An intricate amalgam of love, sex and politics: Nobody Mourns the City’s Cats
Six stories about love and loss against the backdrop of a failed revolution

On a forlorn winter night, Hazem and Dalal walk through Cairene streets from Manial to Dokki. The police are clamping down on activists and friends, and Hazem has a hard drive in his pocket that could incriminate him. A car runs over a cat and speeds off. He is heartbroken but, although he is starting to develop feelings for her, afraid to seek solace in the woman next to him.

With its dim, atmospheric setting reflecting the inner state of its troubled characters, this scene could have been taken from a film. It is, however, from a collection of short stories by Muhammad El-Hajj, titled La Ahad Yarthy Li Qitat al-Madina (Nobody Mourns the City’s Cats, Al-Tanweer, 2018). Unsurprisingly, El-Hajj (who, for full disclosure, is married to Mada Masr’s culture editor and is an occasional contributor to the site) comes from a filmmaking background.  

After El-Hajj wrote several short films and the screenplay for Ayten Amin’s award-winning Villa 69 (2014), close followers of the Egyptian film scene expected the promising young writer (born 1986) to go on to produce one screenplay after another. Fortunately for readers of literature, his subsequent cinematic projects were put on hold due to various financial and logistical hurdles — not uncommon in Egypt’s film industry — and he turned to writing fiction. Last year he published his debut collection, one of the most astonishing short story collections to come out over the past decade here.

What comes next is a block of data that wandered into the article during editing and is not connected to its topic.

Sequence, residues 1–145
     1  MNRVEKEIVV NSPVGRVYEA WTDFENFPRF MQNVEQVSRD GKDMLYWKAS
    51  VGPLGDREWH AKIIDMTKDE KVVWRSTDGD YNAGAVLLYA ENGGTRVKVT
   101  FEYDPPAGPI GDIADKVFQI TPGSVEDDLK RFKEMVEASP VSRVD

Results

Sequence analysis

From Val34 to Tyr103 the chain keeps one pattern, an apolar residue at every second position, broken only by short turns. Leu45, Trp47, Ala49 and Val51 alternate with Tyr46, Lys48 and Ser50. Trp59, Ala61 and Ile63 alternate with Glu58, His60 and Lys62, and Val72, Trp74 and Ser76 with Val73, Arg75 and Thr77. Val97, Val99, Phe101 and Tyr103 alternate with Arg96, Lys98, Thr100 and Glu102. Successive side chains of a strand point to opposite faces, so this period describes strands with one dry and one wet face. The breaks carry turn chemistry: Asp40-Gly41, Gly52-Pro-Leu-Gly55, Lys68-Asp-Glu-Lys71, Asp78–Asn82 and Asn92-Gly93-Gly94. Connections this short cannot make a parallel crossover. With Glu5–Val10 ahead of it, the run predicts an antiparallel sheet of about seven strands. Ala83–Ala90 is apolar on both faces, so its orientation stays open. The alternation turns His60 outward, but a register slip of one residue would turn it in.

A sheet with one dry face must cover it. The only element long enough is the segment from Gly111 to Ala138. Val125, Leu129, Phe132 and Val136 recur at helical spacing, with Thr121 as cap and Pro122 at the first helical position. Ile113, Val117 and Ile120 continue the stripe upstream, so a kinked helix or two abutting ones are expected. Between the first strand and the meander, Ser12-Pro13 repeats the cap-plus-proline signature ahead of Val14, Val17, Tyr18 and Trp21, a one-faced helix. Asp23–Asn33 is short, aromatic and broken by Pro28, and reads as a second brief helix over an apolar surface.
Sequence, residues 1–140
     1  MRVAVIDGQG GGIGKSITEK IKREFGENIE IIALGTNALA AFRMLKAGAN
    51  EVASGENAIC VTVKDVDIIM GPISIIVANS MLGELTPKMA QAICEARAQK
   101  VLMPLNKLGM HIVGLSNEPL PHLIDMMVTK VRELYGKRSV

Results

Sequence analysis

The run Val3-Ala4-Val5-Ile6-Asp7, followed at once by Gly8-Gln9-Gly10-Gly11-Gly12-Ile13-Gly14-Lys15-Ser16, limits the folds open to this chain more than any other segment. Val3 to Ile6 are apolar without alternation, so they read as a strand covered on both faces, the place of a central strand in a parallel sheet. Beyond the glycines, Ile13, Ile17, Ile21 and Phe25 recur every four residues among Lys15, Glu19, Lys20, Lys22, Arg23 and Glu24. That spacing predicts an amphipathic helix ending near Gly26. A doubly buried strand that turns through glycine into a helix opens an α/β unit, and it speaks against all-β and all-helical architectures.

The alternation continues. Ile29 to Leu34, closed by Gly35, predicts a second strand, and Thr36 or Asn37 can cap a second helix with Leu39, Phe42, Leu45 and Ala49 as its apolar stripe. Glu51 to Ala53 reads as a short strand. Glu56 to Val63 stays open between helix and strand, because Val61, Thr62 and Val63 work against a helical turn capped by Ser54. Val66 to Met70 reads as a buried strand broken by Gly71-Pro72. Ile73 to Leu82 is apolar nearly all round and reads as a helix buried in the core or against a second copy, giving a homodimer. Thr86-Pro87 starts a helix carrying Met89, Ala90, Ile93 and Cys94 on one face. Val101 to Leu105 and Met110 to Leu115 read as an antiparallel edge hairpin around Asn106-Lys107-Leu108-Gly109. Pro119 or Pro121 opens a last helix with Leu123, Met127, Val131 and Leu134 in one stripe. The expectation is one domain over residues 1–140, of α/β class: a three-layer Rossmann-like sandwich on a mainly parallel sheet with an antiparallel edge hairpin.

Nobody Mourns the City’s Cats, which won last month’s Sawiris Cultural Award in the Short Story (Emerging Writers) category, is made up of six stories set after the summer of 2013, when President Mohamed Morsi was ousted following military-backed protests, and then the Rabea al-Adaweya sit-in was violently dispersed by security forces. The stories revolve around six couples, with their various affairs and marriages unfolding in a turbulent political climate. Almost every page is suffused with a searing sense of loss connected to the protagonists’ love-hate relationships with an intimidating Cairo. Like stray cats, they aimlessly roam the streets, laden with memories, regret and melancholic nostalgia.

El-Hajj’s style mixes short descriptive sentences with longer, poetically layered ones, alternately withholding and revealing in the limited microsom of the short story, where every word counts. In some scenes he takes the reader by the hand, without rushing or stalling, to evoke the effect of a delicately swiveling camera that captures both the material world and the thoughts and emotions of his characters.

The characters often seem to be running away from their pasts — from a failed revolution, from failed relationships. In the first story, A Day with Tuna, Tarek, who expects that his boss (a close friend) will fire him to save costs, mistakenly dials the number of his former mother-in-law, Tuna, who promptly invites him over for dinner. Predictably, Tarek ends up meeting his ex-wife, and they muse together about the past and the future. As in the rest of the stories, El-Hajj powerfully emphasizes the contradictions between actual events and recollections of them. His protagonists seem to believe that their relationships (and perhaps their revolution) failed only by a hair. They constantly ask themselves “What if?” and wonder whether their naive idealism may have impaired their perception of reality. It is this question, among others that are never directly asked — are they to blame for their defeat? how can they start anew? — that the characters seek to answer throughout the book.